Research Highlights

Largest series in Madras disease reported

Subhra Priyadarshini

doi:10.1038/nindia.2008.205 Published online 20 May 2008

A young MMND patient.

Medical researchers have reported the largest ever series of 116 cases of Madras Motor Neuron Disease (MMND), a unique degenerative neurological disorder predominantly affecting young individuals of South Indian origin.

The series, compiled over 36 years and reported by researchers at the National Institute of Mental Health and Neurosciences, Bangalore, reinforces the stereotype clinical symptoms earlier reported for the disease such as progressive hearing impairment leading to deafness, facial muscle weakness, difficulty in speaking with low volume speech and loss of hearing.

Described first in 1970, MMND is a rare disease with most reports from southern India and only a few sporadic cases reported from outside India. The series reports the mean age of onset of the disease as 15.8±7.9 years and a survival range between 12 months to 30 years. Majority of the patients studied had a slowly evolving disease with long stable periods.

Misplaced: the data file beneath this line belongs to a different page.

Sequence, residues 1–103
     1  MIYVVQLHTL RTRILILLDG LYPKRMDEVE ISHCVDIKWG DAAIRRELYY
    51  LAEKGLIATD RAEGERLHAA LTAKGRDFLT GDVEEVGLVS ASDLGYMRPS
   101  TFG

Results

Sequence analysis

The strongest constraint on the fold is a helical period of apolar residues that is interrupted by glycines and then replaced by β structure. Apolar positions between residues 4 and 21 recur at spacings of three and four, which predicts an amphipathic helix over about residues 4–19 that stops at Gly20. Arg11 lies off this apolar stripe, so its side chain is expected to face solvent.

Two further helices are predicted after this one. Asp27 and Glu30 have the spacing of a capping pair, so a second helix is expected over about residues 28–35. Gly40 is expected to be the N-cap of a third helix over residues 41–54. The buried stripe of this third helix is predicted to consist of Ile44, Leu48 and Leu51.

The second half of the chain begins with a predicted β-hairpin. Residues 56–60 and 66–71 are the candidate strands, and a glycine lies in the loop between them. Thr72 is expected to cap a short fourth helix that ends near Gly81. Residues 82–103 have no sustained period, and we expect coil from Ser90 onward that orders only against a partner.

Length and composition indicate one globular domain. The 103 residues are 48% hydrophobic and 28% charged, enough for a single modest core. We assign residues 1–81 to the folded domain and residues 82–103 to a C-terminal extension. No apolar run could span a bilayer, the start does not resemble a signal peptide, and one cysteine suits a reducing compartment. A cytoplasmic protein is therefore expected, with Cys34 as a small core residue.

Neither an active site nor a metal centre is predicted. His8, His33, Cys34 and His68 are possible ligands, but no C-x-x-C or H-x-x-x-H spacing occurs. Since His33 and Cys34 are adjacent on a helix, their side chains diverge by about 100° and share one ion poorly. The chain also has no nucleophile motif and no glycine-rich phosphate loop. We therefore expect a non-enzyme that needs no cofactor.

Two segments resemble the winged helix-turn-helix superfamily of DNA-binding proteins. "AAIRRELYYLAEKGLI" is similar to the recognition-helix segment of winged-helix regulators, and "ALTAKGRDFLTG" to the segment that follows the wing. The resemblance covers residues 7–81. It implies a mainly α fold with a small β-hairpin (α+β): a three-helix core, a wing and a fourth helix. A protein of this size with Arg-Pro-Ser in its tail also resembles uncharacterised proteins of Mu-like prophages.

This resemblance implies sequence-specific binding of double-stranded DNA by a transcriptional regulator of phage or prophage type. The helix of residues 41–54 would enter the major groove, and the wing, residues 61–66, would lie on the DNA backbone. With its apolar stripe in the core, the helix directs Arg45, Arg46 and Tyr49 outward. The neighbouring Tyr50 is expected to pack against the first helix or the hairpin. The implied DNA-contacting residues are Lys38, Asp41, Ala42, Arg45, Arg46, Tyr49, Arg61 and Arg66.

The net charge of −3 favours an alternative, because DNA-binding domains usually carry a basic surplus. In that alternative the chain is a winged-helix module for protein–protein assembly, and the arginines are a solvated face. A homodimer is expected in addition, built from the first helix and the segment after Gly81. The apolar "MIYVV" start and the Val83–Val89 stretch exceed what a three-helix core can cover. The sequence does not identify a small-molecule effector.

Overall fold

"Many families have multiple members affected with the same illness suggesting it could be a possible genetic disorder," says Ananthanarayan Nalini, the lead researcher. Environmental factors might also play a role in view of its limited geographical distribution, she adds.

Genetic studies are presently being conducted to detect the gene abnormality and pin down the cause of the disease.


References

  1. Nalini, A. et al. Madras motor neuron disease (MMND): Clinical description and survival pattern of 116 patients from Southern India seen over 36 years (1971–2007). J. Neurol. Sci. 269, 65-73 (2008)